Ever wonder why there are so many running shoes at the store, all of which have different types and amounts of cushion, different technology to minimize pronation, and some have claims that they will reduce injury, and yet we still have 80% of runners injured every year?
It is because the shoe you are wearing is not your problem and a new shoe is not your solution. (Ok, so it kind of is, actually. I’ll dive into that a bit later.)
A likely cause to your problem? HOW you run!
Have you ever gone to a park and just sat and watched people run before? Everyone looks a little different. So we have to ask, is there a perfect way to run? Maybe, maybe not. I like to compare it to the golf swing. There are components that are absolutely needed to generate power and hit the ball where you want it to go, but look at professional golfers and they all look slightly different.
With running technique, everyone will be a bit different, but there are key elements that will help to decrease the forces on the body and improve your efficiency, which helps you to run with fewer injuries and allows you to run faster and further without feeling as exhausted. From watching many runners over many years, I can tell you that many of them are missing some key elements.
The big three I want to talk about today are how the foot lands, how the foot comes off the ground, and where the body is positioned.
Heel strike vs midfoot landing
Most people strike on their heel with their foot way out in front of them. Why is heel striking so problematic? Two reasons and they both come down to physics.
When the foot is out in front of you and we hit on the heel, you are landing on a nearly straight leg which places increased forces through the muscles, tendons and bones. Increased forces to make a diamond = good. Increased forces when running = bad.
Heel striking also creates braking forces when you hit. Braking forces not only slow you down, they also require your body to use more energy so you can continue moving forward. Simply put, you run slower and use more energy to do so.
The other problem when the foot is out in front of you is that you have no support there. Do this test for me: Place your right foot out in front of you where you normally hit the ground. Now lift up the left foot and see how well you can balance there. Not possible, right? Or if it is possible, it is very difficult. If you are unable to balance like that, what do you think happens to your body when you do that every single step you take when you run? It requires a lot of increased work by the body to stabilize and overcome the position.
Traditional running shoes do not help this situation any. The drop of the traditional shoes forces you to heel strike. And if you find a way to avoid a heel strike in traditional running shoes, you are then running more on your toes, which causes its own set of issues.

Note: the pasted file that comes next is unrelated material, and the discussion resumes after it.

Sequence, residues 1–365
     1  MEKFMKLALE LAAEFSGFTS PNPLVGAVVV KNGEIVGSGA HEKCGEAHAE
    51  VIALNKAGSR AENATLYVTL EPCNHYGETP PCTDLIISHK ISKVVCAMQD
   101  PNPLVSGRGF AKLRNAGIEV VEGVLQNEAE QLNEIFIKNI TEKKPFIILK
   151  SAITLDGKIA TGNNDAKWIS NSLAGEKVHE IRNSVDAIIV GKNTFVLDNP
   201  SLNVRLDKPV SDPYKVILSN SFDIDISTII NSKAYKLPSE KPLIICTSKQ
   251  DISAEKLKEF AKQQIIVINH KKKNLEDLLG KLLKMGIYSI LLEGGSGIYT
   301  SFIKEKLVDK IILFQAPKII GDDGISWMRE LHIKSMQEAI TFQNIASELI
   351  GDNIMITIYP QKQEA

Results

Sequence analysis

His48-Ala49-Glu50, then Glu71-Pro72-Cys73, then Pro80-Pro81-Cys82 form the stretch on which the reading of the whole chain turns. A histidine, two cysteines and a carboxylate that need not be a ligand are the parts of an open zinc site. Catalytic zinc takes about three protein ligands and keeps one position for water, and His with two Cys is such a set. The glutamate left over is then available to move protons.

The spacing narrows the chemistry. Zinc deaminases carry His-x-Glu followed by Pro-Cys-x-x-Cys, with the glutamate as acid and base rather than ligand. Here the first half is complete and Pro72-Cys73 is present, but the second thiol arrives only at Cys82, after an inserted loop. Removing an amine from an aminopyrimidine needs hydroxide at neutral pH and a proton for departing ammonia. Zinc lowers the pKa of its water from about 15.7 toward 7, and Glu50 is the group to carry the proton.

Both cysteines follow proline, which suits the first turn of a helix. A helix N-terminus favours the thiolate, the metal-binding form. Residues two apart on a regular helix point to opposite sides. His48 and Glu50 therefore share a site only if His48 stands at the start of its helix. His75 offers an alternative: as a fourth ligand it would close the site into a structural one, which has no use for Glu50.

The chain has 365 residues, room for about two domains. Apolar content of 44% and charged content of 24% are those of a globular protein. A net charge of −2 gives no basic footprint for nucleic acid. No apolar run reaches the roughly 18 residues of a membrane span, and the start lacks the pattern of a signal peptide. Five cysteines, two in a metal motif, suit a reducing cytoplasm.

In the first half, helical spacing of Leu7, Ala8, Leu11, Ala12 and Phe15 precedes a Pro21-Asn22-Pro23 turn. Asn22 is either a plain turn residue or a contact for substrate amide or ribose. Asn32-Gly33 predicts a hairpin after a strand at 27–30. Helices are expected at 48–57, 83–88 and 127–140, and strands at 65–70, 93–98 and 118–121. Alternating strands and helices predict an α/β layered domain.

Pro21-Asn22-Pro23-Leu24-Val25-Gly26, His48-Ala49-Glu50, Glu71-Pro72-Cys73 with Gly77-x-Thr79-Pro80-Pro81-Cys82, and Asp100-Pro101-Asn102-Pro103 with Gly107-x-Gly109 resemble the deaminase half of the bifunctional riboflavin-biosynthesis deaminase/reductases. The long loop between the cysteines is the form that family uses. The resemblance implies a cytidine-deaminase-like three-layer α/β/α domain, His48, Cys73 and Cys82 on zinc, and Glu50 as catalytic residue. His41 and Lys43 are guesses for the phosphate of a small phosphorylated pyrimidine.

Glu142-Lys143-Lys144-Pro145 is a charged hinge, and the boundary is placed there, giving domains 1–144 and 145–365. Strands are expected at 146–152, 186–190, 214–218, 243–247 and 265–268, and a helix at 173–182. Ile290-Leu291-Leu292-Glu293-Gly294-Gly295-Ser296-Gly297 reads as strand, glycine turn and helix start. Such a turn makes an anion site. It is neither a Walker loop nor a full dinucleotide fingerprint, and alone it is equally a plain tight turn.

Push off vs pulling
There are two ways to get the foot off the ground when running. We can either use our calf to push off aggressively or we can use our hamstring to bend our knee and lift our foot off the ground. One way uses smaller muscles and more energy, the other way uses bigger muscles and less energy.
Yes, we do need to get onto our toe when the foot is behind our body. But that does not mean you are required to push off when you do that. The more you push off, the more you are using small muscles to move your entire body. Pushing off also requires you to use your hip flexors to bring the leg forward so you can land again.
Many times with a push off, you also get a lot of vertical displacement. The more vertical displacement you have, the more energy you lose upward rather than forward. As mentioned with the braking forces above, vertical displacement is slowing you down and requiring more energy to move you forward.
Instead of pushing off with the foot, you can use the hamstring to pull the foot of the ground. The hamstring is a bigger muscle group compared to your calf and you are also moving a smaller portion of your body that way – lifting the leg off the ground compared to pushing the entire body off the ground. The added bonus with pulling is when you use the hamstring to pull the foot off the ground, the natural forces of the pull bring the leg and foot around to the front of your body so you are no longer using the hip flexors as strongly to bring the leg around. With pulling, you are decreasing the forces and using significantly less energy.
Forward trunk lean vs fall
You need to get your body forward in some way in order to get your momentum forward. How you do that, though, can impact how your body feels when running. With a forward trunk lean, you are straining the muscles a lot more in the back and hips in order to keep your chest and head up. Over time and distance, this can create back and hip pain.
If you fall forward instead, you are letting gravity take you forward and you are no longer straining your back muscles in order to keep your chest and head up, which makes the run much more comfortable.
Running technique is not something that will change overnight by any means. It takes at least 8-12 weeks of consistent work for it to feel natural. I can tell you, though, the benefits of it are huge. Many runners I work with have a quick resolution of pain and also hit new PRs very quickly.
If you are stuck in an injury cycle or have hit a plateau in your training, I highly encourage you to have someone take a look at your running technique to see what is going on. (And no, the analysis in the running store for your shoe fitting doesn’t count.)
Written by Brianne Showman. Brianne is a physical therapist and running coach with Get Your Fix Physical Therapy And Performance. Her focus is on helping athletes resolve injuries in less time by getting to the root of the problem, improving movement patterns, and incorporating proper training to help the body to move more efficiently, more powerfully, and in less injury-prone ways.